Do you want to attend law school?

Do you want to attend law school?

Mitchell Mercer, Staff Writer

Are you considering becoming a lawyer following graduation? Would you like to educate yourself more about the law?

Then law school might be the right place for you.

On Monday September 28th, Presbyterian College hosted a law school workshop at the Harrington-Peachtree Center for students interested in going to law school following their graduation from PC. 

At the workshop, Dr. Erin McAdams of the Political Science Department and director of the Pre-Law Studies Program discussed the information necessary to decide whether you should attend law school. 

McAdams stated some of the good reasons to go to law school: to study and practice law, advance your career, help others by representing them, and to advance social change.

However, McAdams recommended that students not go to law school simply because their parents want them to be a lawyer because they think it is a “good job”.  It is also not a good idea to commit to law school if you don’t know what to do after graduation but want to make a 6-figure salary.

If law school is something you have a passion for, according to McAdams, the best place to visit is PC’s Career & Professional Development Office here on campus, where you can speak to a professional that can help you find a career that motivates you. One way the department helps students is through the Pathway U Assessment.

McAdams showed students the Pathway U Assessment and asked several questions, such as “What type of career interests you?”, “Would you succeed in law school?”, “Are you realistic about the job market and debt?”, “What are the trends in the legal professions?”.

Law school is a professional school designed to train students for specific career paths. Careers in this legal profession include lawyers/attorneys, house or government counsels, judges, or law school professors. Non-legal careers that may benefit from a law degree include non-profit sectors, business managers/CEOs, politicians in public service, journalists, educators, real estate agents, and development and estate administration.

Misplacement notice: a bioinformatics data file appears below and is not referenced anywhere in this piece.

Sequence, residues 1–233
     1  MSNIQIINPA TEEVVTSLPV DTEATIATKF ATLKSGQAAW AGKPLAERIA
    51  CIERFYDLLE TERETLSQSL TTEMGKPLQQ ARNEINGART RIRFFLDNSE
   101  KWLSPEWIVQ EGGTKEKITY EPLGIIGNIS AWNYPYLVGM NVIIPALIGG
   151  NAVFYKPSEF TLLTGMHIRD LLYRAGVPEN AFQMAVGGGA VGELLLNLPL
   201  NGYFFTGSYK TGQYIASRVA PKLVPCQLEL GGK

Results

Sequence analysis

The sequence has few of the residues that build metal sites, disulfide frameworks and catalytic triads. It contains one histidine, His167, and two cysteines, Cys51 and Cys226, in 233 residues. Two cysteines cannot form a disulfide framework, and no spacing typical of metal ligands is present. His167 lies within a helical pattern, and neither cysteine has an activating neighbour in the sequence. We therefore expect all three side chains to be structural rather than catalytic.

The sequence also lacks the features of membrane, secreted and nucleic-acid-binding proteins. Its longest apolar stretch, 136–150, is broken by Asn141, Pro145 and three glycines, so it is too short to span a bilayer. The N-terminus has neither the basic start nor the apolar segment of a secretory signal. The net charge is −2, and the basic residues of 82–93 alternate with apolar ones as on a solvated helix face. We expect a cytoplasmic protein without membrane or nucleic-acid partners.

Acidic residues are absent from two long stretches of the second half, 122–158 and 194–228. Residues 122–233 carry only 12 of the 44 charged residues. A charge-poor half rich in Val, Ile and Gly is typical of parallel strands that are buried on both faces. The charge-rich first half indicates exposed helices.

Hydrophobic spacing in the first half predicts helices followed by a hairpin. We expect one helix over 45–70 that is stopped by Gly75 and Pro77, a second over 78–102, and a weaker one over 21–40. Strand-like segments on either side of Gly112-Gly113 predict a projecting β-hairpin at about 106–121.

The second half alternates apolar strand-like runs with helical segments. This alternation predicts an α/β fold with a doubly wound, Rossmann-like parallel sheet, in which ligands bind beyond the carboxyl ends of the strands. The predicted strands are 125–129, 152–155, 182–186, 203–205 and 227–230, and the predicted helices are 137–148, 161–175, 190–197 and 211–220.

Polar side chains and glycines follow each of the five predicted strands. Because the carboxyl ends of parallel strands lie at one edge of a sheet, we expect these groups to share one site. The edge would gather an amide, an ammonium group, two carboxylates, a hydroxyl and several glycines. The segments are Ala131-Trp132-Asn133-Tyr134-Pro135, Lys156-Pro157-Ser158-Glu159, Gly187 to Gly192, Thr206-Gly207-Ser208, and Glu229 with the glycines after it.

Careers that do not require a law degree include paralegal/legal assistants, criminal justice positions, magistrate judges (in South Carolina), social workers, and arbitrators/mediators.

A few specific degrees you could earn in law school include a master’s in legal studies, sports law, environmental law, public policy or public administration, business administration, and social work.

Students in law school face many difficult challenges. Among the challenges are reading lengthy and complex passages, thinking logically, competitive learning environments, and time-management skills. 

As for salary, the median salary for new lawyers (0-5 years) is $70,000 per year and the median salary for all lawyers is $123,000 per year. The average debt for law school graduates is $145,500, including undergraduate loans up to $20,000, and the gender gap in pay is 76 percent on average.

The key, according to McAdams, is the LSAT score and undergraduate GPA. Attending non-accredited schools or the lowest ranked schools is a very poor investment as well.

The number of law applications on campus are starting to increase. Approximately 95 percent of PC students who apply to law school get into one or two of their top choices with financial aid. Legal assistants, court administration, and meditation positions are expected to be the fastest growing  careers in the legal profession within the next ten years.

The next steps for students who may want to go to law school are to make an appointment with Career and Professional Development, take a pre-law course, talk to legal professionals, and consider an internship.

As for success, McAdams recommended that students select a major they love, keep their GPA up, and get involved in organizations/extracurricular activities that develop leadership. For juniors and seniors, she also advised them to take a course in Logic (possibly Phil 205) as they begin preparing for the LSAT.

Lastly, the test scores from the LSAT determine the financial aid you will receive, and is good for five years. Scholarships are available through the law school itself (merit and non-merit), and loans can be forgiven if you are working in a nonprofit organization.